Barrow's Goldeneyes are resident in the area because the openings in the ice are large enough to foster most of the population through the winter. More than 200 birds leave the area, however, and head for other lakes, especially in southern Iceland. The total population is only about 2000 birds. Drakes form the majority, numbering about 1200 individuals. During the moulting period all the males in the Icelandic population gather in a few flocks on M‡vatn and the uppermost part of Lax. The male part of the population is steadily declining. The reason for the decline is unknown.

The Barrow's Goldeneye has some peculiar nesting habits. In late winter the pairs start defending a piece of water. The aggressive displays are mostly performed by the drakes. It looks as if invisible boundaries have been drawn on the water surface. Almost all other waterfowl are driven away if they trespass. The most popular areas are in the bays around Hfdi and the uppermost part of Lax. Where food is abundant the territories may be as small as 500 m2 but in less preferred areas up to 80 times larger (4 ha).

Barrow's Goldeneye drakes employ various strategies when defending their territories. Often it is sufficient to lay down flat on the surface and stretch the neck towards the intruder. If that does not work the territory owner swims towards the other bird in this threatening posture. A stubborn intruder will be attacked underwater. Sometimes this escalates into a direct fight.

The territory provides a safe food resource for the female which is devoting herself completely to the task of breeding. The territory is normally inshore and not far from the nesting site. The nest may, however, be as far as 2-3 km from the territory.

In April the females start prospecting for nest sites. Early in the morning they fly in small groups low over the lava fields, craters and buildings where potential nesting holes are abundant. They vocalize a lot and crawl in and out of every hole they come across. It is not uncommon to see them sitting on rooftops or peeping into chimneys. Accidentally they may fall into the chimneys and get themselves killed. Some birds find suitable nesting sites in the stonewalls or roofs of old sheephouses or barns.The Icelandic name "hsnd" or house-duck is without doubt derived from this habit. In the fifties farmers started erecting nest boxes for the Barrow's Goldeneye inside barns and other outhouses. It has been estimated that 10% of the nests now are in nestboxes. Other nests are in holes and crevices in the surrounding lavafields.

The females not only lay in their own nests but quite often visit other nests and lay eggs there. It seems likely that in this way the female lowers the risk of loosing all her eggs if her own nest would be destroyed.

The young hatch in early July. At this time of the year blackfly larvae abound in Lax. The largest larvae are in the outlet and females bring their broods there, even from nests on the other side of the lake. The females keep territories for their broods and a lot of fighting takes place before a new bird settles in the brood rearing area. During these disputes the broods may mix and many females leave the river after loosing their young to other females. Sometimes females with more than 100 young can be seen in the best feeding areas. Quite a few young may get killed by aggressive females. In August when most of the blackfly larvae have emerged as flies and disappeared from the river the broods move to the lake.

The Barrow's Goldeneye has a rather strange distribution. It is common in western North America and nests in tree holes. Flocks of this species occur in Labrador but breeding has not been proven. The small Icelandic population is the easternmost outpost of the species and the Barrow's Goldeneye is one of the few bird species in Iceland which originates from America.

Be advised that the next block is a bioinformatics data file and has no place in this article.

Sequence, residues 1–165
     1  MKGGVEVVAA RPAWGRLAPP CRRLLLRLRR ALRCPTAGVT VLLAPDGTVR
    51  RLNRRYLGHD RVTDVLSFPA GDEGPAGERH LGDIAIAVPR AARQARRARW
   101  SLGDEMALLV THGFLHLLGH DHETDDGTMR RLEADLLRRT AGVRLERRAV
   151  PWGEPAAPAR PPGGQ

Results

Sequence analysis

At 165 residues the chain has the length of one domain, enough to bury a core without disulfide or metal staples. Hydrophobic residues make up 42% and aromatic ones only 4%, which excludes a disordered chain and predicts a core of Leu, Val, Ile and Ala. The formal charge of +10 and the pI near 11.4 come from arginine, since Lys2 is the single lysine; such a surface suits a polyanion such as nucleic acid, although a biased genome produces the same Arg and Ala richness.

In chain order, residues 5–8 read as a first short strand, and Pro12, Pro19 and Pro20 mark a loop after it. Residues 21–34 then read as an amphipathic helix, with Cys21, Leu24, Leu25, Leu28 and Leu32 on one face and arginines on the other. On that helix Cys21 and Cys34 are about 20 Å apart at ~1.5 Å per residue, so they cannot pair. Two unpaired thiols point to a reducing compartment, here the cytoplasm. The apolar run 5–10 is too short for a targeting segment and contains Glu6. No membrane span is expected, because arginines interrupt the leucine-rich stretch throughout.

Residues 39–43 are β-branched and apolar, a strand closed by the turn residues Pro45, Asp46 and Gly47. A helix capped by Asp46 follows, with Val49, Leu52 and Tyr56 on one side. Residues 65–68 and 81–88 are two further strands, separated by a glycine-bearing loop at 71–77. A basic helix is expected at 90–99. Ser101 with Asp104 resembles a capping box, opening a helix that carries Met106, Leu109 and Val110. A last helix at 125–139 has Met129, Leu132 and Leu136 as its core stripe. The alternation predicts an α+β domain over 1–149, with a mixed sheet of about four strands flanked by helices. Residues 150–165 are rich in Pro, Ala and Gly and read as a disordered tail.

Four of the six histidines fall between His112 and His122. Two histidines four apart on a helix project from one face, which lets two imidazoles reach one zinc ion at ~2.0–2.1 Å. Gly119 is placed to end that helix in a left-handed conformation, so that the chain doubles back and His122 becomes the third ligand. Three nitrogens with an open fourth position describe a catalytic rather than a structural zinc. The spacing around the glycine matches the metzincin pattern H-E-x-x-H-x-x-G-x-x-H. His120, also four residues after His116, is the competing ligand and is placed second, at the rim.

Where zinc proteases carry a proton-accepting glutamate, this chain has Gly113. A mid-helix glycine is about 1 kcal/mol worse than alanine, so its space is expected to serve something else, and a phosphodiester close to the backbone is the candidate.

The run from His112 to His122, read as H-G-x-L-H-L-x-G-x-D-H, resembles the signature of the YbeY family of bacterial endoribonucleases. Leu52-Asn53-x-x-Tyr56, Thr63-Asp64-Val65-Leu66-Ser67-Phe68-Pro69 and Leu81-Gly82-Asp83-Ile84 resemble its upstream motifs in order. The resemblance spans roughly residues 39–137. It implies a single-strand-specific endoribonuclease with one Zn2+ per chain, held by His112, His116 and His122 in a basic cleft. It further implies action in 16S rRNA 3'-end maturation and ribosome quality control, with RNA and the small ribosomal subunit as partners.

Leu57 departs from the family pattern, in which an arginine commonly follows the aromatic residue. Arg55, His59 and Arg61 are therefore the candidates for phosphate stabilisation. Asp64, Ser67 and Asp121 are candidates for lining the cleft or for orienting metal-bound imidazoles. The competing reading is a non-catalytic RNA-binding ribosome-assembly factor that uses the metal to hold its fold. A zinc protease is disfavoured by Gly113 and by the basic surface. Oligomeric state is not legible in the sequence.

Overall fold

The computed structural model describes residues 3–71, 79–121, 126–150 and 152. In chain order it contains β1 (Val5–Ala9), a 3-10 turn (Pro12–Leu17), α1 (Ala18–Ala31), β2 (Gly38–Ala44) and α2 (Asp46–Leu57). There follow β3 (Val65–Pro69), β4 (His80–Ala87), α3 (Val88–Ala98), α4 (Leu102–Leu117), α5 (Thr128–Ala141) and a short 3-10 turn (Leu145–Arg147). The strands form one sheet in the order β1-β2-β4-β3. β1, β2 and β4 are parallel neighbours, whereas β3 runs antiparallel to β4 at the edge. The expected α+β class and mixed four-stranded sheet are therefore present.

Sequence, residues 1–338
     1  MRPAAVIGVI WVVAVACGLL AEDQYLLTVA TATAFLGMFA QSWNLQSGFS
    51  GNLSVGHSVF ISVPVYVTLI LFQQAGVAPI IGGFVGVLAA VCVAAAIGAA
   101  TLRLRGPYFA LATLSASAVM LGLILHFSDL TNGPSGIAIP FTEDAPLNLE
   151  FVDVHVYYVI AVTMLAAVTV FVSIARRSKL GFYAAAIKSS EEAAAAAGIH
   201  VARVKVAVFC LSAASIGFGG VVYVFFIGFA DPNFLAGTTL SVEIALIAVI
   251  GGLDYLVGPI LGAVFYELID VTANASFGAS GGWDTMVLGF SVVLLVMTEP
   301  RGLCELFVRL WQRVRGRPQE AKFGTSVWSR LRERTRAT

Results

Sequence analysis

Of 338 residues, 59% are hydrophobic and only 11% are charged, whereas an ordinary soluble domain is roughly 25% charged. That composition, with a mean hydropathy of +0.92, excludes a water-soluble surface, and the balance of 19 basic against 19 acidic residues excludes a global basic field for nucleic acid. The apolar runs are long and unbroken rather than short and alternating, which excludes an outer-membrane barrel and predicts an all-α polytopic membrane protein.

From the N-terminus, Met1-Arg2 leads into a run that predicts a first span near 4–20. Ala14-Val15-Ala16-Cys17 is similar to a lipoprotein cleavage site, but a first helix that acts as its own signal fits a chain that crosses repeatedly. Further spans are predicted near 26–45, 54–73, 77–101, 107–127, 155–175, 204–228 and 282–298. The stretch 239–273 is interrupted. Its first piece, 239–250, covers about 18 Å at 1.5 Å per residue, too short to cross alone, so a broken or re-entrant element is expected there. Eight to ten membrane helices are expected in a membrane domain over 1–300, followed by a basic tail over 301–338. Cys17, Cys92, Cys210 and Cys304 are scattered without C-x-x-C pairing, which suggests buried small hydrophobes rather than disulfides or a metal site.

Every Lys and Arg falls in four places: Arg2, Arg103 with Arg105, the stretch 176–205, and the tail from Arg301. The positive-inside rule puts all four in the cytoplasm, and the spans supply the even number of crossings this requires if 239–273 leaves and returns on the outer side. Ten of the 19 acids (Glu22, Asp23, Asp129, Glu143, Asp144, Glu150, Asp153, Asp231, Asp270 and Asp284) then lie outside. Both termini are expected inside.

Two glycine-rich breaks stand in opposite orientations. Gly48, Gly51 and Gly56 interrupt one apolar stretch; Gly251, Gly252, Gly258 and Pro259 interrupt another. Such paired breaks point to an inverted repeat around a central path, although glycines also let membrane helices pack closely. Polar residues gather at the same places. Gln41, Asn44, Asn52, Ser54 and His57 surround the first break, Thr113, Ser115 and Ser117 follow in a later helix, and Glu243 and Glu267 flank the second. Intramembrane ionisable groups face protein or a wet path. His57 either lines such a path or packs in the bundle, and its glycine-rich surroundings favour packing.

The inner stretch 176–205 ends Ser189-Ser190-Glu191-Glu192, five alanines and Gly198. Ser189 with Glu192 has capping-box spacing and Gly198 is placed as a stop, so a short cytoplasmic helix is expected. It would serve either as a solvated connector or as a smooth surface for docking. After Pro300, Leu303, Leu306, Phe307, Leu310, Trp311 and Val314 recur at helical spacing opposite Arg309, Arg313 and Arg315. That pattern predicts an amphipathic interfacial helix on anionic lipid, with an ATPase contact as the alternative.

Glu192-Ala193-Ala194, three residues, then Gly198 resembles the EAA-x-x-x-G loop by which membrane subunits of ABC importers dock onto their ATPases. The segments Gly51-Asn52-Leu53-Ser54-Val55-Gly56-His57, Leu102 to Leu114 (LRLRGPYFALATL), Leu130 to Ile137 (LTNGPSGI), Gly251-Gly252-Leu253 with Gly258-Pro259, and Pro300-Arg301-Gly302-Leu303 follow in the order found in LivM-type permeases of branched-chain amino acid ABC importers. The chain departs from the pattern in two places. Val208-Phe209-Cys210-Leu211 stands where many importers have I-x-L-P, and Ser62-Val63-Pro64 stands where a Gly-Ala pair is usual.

The Tufted Duck Aythya fuligula invaded Iceland and started breeding at M‡vatn shortly before the turn of the century. Its population has grown rapidly and around 1970 it outnumbered the Scaup and became the most numerous duck at M‡vatn. Between 2000 and 6000 males are seen in the M‡vatn district in spring. The number of pairs is lower because there is an excess of males. Tufted Ducks tend to be in scattered flocks on the lake, but in the spring large numbers are seen on the ice edges and along the edges of the ponds in the marshes where they nest later on. The Tufted Duck is among the first arriving migrants in spring getting there as soon as the ice starts to retreat. Like other diving ducks it feeds mostly on midge larvae, but takes also molluscs and benthic waterfleas (Eurycercus). In years when sticklebacks abound Tufted Ducks may be seen in small but dense flocks feeding on them. The nests are mostly in colonies together with Scaup nests. Map of wintering area.

The Scaup Aythya marila has been present at M‡vatn for centuries and was the most abundant species until about 1970. Between 1400 and 2600 males occur in spring. During the moulting period they are joined by conspecifics from other districts nearby. The largest moulting concentrations are on the western half of the Sydrifloi basin and a small flock is usually on the pond Stakholstjrn by Skutustadir. The young tend to form loose flocks led by a few adult females. Often female Scaup are seen followed by a mixed brood of both Scaup and Tufted duck young. Same holds true for Tufted duck females. The food is similar to that of the Tufted Duck but with more emphasis on crustaceans (Eurycercus) and less preference for snails. Map of wintering area.

The Common Scoter Melanitta nigra is one of the species which is common at M‡vatn but rare elsewhere in Iceland. Between 200 and 500 males occur in spring but there is an excess of males. The species is most often seen on the western part of Sydrifloi but only occasionally on Ytrifloi. The food consists mostly of midge larvae and benthic crustaceans. The latter are clearly preferred and are especially important for the ducklings. The males leave M‡vatn in the middle of the summer and moult on the sea. Nonbreeding females leave at the same time but breeding females stay until August. The last to leave are the young which have to get to the wintering grounds in Europe on their own.